Today, we nominate Time Magazine columnist Joe Klein for the Now They Tell Us Award.
Klein reports that the Obama administration has been failing at the task of governance. Taxing President Obama with incompetence Klein explains that, under his leadership, the government has failed at implementing programs.
Considering that Barack Obama came to the presidency without any executive experience, this should surprise no one. It would be a better world if media stars had pointed out Obama’s incompetence when we could have done something about it.
Anyway, Klein points out correctly that the Kathleen Sebelius-led Department of Health and Human Services is not up to the job of implementing Obamacare.
Klein reports on its manifest incompetence:
Let me try to understand this: the key incentive for small businesses to support Obamacare was that they would be able to shop for the best deals in health care superstores — called exchanges. The Administration has had three years to set up these exchanges. It has failed to do so.
This is a really bad sign. There will be those who argue that it’s not the Administration’s fault. It’s the fault of the 33 states that have refused to set up their own exchanges. Nonsense. Where was the contingency planning? There certainly are models, after all — the federal government’s own health-benefits plan (FEHBP) operates markets that exist in all 50 states. So does Medicare Advantage. But now, the Obama Administration has announced that it won’t have the exchanges ready in time, that small businesses will be offered one choice for the time being — for a year, at least.
Since Obamacare is the president’s signature accomplishment, making it work must be a top priority. It is altogether possible, as some have suggested, that it will become Obama’s Iraq War.
Since the Republican Party was hurt by its failure to conduct a successful military operation, it makes sense that the big government Democratic Party would be undermined by its failure to run the government.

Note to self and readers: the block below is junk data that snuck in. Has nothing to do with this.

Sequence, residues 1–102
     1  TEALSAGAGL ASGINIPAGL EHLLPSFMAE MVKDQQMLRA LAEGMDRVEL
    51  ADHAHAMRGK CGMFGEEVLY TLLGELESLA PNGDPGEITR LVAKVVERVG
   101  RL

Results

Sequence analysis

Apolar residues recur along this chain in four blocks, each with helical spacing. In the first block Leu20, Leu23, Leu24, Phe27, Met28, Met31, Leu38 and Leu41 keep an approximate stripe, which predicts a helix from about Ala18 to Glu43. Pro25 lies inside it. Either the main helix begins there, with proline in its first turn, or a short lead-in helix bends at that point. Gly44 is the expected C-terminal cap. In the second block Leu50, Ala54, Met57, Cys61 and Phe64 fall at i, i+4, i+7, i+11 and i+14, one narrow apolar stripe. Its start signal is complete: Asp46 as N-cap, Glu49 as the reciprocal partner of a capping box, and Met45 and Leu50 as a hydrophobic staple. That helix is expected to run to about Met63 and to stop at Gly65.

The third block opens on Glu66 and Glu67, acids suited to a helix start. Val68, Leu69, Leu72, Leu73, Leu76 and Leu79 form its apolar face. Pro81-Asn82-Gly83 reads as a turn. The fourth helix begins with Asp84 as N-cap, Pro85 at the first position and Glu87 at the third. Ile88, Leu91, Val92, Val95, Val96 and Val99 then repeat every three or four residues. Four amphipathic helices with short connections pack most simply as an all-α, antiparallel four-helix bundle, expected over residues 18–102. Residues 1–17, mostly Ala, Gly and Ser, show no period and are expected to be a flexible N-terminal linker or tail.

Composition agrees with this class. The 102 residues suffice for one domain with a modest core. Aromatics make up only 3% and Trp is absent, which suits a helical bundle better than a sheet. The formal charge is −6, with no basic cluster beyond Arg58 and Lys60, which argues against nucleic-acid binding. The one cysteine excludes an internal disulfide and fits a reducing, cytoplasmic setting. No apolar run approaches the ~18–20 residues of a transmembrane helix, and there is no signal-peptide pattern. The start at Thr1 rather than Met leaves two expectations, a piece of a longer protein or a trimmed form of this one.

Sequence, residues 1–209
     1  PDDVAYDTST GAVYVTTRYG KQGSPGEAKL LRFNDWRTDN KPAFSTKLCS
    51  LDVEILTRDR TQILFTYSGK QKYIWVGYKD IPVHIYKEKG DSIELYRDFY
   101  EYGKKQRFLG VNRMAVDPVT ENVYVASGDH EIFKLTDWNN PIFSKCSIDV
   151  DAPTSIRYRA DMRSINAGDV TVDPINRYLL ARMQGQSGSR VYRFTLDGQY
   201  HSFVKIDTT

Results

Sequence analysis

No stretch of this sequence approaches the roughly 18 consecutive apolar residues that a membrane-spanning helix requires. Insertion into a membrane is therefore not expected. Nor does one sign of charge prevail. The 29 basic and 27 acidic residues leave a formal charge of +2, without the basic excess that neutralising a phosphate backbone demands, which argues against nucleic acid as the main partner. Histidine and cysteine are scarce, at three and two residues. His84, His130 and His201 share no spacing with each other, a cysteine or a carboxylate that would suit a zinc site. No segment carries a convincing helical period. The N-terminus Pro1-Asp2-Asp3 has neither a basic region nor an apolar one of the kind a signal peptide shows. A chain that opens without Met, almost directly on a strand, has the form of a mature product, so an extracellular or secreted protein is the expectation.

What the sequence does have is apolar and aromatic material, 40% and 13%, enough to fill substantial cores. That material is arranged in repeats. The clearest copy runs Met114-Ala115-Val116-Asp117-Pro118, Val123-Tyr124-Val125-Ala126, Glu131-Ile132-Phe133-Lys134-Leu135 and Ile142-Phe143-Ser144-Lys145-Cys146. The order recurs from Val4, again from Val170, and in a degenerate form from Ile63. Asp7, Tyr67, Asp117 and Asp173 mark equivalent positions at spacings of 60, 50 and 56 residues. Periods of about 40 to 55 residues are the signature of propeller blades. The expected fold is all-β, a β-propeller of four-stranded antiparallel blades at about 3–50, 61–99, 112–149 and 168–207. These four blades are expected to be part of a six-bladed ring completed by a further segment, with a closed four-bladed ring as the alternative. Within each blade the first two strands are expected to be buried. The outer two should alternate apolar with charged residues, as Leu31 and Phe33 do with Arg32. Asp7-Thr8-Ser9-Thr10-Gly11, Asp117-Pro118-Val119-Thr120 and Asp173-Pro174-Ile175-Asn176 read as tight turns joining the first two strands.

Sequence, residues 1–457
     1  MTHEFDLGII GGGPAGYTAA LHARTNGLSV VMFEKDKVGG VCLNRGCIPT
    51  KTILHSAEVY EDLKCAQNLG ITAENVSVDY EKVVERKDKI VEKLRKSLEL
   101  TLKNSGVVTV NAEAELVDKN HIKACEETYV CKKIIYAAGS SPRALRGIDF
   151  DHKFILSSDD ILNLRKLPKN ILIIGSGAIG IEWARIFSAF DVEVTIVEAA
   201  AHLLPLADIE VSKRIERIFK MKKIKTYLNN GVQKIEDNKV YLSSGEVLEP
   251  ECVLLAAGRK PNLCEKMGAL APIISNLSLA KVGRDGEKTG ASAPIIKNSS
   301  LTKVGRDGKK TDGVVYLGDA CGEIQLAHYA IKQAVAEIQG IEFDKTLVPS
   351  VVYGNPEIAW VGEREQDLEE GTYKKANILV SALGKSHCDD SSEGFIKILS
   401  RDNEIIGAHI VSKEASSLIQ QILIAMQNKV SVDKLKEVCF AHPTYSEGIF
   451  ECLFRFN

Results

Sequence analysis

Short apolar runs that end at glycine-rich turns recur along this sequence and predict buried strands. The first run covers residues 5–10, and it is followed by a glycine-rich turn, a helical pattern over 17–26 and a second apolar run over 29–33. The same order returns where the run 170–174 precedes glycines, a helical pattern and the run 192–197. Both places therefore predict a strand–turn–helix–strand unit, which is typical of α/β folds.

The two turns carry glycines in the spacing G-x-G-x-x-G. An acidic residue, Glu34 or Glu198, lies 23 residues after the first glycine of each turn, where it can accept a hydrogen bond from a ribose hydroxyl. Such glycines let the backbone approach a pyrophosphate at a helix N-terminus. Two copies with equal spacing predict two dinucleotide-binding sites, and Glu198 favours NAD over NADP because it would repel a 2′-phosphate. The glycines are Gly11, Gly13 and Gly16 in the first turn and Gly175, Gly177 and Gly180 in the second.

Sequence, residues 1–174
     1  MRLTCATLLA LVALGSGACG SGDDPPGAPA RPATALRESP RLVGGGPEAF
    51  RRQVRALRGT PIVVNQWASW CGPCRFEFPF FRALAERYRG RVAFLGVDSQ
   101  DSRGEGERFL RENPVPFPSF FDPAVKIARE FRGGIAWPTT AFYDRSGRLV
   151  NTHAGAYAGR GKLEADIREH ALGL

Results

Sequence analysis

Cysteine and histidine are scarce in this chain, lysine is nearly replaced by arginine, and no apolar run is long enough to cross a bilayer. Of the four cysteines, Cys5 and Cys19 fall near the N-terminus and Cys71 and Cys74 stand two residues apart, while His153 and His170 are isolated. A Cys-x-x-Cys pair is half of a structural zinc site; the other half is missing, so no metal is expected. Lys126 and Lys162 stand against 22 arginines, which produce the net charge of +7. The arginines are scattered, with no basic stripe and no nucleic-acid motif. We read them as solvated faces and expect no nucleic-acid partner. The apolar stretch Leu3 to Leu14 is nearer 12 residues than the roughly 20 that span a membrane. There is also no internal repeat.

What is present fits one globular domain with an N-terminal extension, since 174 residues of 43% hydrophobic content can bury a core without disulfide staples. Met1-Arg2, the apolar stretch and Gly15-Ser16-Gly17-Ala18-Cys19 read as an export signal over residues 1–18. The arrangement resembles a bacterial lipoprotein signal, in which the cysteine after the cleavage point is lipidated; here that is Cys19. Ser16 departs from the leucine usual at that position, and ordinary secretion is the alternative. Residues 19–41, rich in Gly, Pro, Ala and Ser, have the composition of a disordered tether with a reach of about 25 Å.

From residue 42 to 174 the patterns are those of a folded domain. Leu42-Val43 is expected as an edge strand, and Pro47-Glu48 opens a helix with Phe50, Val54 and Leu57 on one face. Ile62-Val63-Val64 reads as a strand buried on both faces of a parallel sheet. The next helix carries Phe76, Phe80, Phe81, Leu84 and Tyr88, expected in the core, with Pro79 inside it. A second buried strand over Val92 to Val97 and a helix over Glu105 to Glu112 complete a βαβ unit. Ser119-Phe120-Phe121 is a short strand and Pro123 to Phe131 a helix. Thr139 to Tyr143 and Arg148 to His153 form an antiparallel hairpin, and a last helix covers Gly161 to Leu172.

In Klein’s words:
But, as a Democrat — as someone who believes in activist government — he has a vested interest in seeing that federal programs actually work efficiently. I don’t see much evidence that this is anywhere near the top of his priorities.
It is not just about Obamacare. Klein expands the list:
But we are now seeing weekly examples of this Administration’s inability to govern. Just a few weeks ago, I reported on the failure of the Department of Defense and Veterans Affairs to come up with a unified electronic health care records system. There has also been the studied inattention to the myriad ineffective job-training programs scattered through the bureaucracy. There have been the oblique and belated efforts to reform Head Start, a $7 billion program that a study conducted by its own bureaucracy — the Department of Health and Human Services — has found nearly worthless. The list is endless.
Of course, it isn’t news that the Head Start program is worthless. And yet, it is impossible to criticize because it is so easy to demagogue. What politician wants to take a stand against helping young children to learn?
One doubts that Republicans are going to heed his counsel, but Klein's advice makes sense. Instead of trying to shrink the government they should emphasize making it work better. Of course, a government that works better would more easily shed worthless and inefficient programs.